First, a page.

Partisan showmanship highlighted otherwise lackluster session
The state Legislature has closed up shop for another year.
STATE lawmakers have concluded a session
that will be memorable for leaving two important state agencies without permanent leadership, displays of political stagecraft and generally timid, reactive legislation.
Bold steps to boost construction of homes priced in the financial reach of middle-income families and young people failed to materialize as pedestrian proposals that could have had unintended consequences met opposition or indifference.
One such idea was to exempt housing developers from land-use, zoning, environmental studies and other county laws if they built affordable rental projects. That alarmed county officials, who saw the proposal as jeopardizing sensible planning and usurping their authority. But their concerns didn't kill the measure. With the housing market thriving, few developers found the plan financially attractive when more money could be made conventionally.
As other housing measures, including legislation to curb speculation, fell by the wayside, lawmakers contented themselves with sending more of the state's budget surplus toward a rental housing trust fund, renovating public housing and providing financial support to keep some units in the Kukui Gardens complex affordable in the long term.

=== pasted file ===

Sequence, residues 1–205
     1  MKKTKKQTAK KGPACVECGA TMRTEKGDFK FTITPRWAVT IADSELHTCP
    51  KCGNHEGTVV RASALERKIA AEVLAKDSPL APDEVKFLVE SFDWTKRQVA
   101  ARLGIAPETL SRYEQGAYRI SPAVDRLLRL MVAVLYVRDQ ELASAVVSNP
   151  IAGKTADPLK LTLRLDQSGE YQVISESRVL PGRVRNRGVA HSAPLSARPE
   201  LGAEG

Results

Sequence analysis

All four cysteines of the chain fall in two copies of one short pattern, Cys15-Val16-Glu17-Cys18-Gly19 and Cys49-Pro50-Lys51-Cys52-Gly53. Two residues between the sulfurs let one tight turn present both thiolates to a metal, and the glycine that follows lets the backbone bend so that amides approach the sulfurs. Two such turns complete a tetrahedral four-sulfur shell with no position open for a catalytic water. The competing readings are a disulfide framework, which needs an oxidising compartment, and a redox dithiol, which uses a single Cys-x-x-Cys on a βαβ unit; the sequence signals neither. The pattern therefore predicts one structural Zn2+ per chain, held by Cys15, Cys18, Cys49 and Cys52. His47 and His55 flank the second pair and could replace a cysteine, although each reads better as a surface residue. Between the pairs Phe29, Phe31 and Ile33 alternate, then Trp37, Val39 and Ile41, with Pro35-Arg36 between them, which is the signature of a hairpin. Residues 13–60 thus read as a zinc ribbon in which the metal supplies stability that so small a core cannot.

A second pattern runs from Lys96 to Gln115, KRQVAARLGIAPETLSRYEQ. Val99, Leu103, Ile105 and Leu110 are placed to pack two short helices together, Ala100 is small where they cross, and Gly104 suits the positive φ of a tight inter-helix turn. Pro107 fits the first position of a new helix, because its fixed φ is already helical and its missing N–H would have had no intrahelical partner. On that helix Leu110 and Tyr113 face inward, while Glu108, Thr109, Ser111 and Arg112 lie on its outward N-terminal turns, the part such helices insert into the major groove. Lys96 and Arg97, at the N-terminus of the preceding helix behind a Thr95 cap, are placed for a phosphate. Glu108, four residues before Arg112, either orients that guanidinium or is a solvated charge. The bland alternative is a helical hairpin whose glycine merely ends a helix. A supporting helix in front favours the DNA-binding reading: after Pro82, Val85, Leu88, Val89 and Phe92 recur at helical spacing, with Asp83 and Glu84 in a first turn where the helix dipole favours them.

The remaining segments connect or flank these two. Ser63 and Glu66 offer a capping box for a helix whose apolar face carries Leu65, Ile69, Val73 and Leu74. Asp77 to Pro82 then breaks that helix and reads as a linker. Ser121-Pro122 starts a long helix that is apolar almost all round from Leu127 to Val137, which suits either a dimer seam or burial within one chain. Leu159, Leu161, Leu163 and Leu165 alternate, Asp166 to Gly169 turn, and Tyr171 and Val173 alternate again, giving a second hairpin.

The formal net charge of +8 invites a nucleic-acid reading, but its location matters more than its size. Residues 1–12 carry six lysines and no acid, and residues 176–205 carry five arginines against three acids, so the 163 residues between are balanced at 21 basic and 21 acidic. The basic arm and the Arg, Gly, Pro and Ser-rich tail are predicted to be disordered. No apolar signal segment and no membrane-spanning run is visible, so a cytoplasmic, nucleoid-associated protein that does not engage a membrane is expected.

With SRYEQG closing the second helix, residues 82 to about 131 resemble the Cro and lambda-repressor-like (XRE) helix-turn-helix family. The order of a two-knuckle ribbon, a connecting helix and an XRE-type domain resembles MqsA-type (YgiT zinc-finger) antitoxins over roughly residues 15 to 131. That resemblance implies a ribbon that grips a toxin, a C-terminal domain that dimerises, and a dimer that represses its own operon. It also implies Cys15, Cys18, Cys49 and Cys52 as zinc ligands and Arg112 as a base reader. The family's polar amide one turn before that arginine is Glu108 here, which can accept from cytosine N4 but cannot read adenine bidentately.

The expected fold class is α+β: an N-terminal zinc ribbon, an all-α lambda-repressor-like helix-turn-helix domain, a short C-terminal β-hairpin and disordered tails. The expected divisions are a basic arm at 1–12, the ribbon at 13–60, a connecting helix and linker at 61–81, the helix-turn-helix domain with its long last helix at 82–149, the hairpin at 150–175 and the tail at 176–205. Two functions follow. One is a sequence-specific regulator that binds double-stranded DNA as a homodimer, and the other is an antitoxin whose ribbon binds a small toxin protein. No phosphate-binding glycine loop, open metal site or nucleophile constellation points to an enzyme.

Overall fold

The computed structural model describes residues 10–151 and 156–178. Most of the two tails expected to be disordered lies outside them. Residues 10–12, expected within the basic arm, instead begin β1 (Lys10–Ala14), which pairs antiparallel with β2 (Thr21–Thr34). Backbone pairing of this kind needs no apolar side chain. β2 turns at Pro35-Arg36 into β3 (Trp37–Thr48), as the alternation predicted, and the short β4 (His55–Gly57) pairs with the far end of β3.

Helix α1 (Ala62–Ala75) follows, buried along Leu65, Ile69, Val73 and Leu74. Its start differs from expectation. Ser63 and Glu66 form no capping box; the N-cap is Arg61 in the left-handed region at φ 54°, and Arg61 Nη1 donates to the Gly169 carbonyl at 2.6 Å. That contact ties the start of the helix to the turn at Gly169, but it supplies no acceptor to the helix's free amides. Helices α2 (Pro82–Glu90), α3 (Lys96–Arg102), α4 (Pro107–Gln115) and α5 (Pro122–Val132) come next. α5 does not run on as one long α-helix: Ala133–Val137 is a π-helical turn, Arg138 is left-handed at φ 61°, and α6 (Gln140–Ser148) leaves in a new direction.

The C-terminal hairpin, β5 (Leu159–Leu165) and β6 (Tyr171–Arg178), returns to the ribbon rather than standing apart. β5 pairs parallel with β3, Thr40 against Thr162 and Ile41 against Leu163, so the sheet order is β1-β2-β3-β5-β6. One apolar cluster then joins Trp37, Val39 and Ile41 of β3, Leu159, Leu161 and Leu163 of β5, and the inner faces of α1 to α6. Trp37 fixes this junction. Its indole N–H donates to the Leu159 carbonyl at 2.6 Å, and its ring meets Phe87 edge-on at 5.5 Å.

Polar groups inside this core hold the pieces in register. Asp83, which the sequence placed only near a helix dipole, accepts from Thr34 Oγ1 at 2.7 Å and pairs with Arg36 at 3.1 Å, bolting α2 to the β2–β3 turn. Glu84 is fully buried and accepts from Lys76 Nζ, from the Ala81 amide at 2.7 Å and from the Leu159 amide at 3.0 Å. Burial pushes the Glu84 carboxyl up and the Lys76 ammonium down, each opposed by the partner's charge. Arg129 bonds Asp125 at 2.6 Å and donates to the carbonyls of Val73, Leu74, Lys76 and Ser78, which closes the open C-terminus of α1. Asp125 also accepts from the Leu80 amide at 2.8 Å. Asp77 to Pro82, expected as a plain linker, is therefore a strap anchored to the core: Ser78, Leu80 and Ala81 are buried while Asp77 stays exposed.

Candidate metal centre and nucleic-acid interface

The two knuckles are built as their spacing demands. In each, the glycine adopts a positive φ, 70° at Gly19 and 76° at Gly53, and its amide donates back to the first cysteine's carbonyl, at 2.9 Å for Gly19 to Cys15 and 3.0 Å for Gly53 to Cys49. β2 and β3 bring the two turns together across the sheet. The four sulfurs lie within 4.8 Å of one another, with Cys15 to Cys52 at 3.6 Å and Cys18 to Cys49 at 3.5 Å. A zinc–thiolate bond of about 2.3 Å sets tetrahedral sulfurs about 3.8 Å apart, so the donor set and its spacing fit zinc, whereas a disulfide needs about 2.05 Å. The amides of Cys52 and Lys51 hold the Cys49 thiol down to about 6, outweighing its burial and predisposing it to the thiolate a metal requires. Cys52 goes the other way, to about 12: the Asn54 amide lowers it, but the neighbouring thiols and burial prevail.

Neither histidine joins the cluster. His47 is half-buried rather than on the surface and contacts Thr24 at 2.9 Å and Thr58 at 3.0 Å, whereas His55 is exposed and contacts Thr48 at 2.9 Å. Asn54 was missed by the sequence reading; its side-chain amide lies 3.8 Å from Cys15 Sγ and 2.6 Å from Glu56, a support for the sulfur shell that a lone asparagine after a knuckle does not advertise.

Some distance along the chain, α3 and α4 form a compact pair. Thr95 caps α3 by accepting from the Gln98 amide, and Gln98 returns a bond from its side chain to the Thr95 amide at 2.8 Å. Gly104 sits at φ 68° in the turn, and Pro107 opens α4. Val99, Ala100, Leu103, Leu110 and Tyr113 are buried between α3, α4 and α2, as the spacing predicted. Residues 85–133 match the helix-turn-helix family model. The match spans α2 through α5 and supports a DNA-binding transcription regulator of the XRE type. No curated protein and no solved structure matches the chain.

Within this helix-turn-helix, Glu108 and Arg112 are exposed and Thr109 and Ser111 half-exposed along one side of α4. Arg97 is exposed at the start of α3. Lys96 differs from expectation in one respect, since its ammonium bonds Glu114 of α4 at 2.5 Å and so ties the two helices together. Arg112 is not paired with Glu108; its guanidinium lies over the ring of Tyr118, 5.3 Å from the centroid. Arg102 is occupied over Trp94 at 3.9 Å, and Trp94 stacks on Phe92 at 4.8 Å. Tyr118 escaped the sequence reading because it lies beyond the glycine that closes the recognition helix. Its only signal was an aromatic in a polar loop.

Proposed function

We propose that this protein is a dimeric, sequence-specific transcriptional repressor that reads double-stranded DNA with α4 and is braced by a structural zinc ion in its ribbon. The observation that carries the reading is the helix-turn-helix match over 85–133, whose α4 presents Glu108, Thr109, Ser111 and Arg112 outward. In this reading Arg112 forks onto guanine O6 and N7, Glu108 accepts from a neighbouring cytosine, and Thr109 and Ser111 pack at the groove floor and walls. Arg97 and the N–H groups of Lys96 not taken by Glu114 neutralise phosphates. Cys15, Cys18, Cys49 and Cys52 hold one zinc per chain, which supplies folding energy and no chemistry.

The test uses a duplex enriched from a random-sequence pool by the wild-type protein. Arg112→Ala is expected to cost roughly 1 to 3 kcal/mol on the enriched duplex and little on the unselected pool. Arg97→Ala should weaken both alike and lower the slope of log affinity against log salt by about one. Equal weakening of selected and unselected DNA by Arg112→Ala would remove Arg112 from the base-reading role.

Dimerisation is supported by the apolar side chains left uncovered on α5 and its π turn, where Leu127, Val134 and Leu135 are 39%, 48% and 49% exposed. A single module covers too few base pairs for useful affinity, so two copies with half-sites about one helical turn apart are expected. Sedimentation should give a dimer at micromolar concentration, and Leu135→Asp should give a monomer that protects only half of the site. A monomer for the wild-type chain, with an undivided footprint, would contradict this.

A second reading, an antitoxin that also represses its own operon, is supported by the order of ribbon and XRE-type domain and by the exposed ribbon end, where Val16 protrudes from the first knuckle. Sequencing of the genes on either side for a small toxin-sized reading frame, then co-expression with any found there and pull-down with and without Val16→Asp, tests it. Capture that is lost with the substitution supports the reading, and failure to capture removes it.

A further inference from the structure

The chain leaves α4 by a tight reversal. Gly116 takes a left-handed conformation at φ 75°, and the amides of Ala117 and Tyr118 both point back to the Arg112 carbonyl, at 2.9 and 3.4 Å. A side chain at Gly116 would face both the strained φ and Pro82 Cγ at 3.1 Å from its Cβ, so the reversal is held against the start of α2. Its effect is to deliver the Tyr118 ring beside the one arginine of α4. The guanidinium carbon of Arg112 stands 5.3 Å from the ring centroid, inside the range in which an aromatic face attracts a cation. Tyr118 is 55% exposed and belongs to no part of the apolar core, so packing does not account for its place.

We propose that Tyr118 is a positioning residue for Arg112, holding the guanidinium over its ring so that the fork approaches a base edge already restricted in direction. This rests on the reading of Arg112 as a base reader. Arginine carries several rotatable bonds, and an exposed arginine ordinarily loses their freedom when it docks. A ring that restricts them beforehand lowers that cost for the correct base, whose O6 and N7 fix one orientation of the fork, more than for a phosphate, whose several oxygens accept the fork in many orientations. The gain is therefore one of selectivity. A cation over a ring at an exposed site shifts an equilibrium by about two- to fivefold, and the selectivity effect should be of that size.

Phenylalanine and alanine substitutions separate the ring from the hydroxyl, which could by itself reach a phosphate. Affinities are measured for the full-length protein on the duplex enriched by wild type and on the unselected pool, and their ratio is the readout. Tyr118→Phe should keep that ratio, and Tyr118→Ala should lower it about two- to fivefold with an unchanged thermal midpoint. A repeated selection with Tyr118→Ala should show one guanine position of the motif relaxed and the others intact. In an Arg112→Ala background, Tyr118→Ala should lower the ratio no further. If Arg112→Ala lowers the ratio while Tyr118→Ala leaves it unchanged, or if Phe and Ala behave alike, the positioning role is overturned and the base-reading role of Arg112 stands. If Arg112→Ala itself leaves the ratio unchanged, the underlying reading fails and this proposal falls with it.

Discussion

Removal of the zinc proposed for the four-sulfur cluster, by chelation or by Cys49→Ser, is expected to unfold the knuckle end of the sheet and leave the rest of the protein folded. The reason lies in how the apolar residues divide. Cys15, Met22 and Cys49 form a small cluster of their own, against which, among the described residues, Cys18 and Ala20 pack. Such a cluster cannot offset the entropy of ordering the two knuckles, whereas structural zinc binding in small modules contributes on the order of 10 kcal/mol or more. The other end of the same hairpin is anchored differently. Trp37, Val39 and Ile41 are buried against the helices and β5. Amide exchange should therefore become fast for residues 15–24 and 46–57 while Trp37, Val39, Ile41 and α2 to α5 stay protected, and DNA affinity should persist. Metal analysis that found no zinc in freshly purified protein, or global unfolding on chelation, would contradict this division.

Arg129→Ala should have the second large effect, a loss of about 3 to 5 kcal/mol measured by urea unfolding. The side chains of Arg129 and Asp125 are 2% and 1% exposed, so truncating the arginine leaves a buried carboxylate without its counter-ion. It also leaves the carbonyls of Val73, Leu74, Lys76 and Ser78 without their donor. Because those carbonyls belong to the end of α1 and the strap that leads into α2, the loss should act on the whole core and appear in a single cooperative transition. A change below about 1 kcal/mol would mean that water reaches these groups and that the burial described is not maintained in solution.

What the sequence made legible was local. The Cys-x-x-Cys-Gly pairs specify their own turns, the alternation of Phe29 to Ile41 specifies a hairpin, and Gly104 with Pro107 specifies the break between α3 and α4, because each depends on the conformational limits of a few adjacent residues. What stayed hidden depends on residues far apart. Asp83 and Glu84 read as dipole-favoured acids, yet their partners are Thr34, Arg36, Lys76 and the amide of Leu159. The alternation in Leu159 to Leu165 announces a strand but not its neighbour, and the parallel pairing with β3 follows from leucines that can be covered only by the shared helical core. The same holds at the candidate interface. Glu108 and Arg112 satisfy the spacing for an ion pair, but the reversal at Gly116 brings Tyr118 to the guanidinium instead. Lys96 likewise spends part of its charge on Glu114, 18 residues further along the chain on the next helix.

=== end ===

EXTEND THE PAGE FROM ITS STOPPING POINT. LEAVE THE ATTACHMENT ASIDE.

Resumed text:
The session began with a bit of drama in the House as three unhappy Democrats voted against the leadership in what is usually a pro forma election. That sincere but futile act was eclipsed in the Senate when Democrats, armed with subpoenas, took down public safety director nominee Iwalani White and land and natural resources director Peter Young in a tour de force of political showmanship.
The session was supposed to be focused on sustainability, but that agenda faded quickly. Still, lawmakers managed to pass a significant bill to curb global warming pollution. Republican Gov. Linda Lingle should follow the lead of Arnold Schwarzenegger, her Republican counterpart in California, and sign the bill to make Hawaii the second state to adopt such a measure. Then, if only for this, legislators can claim success.
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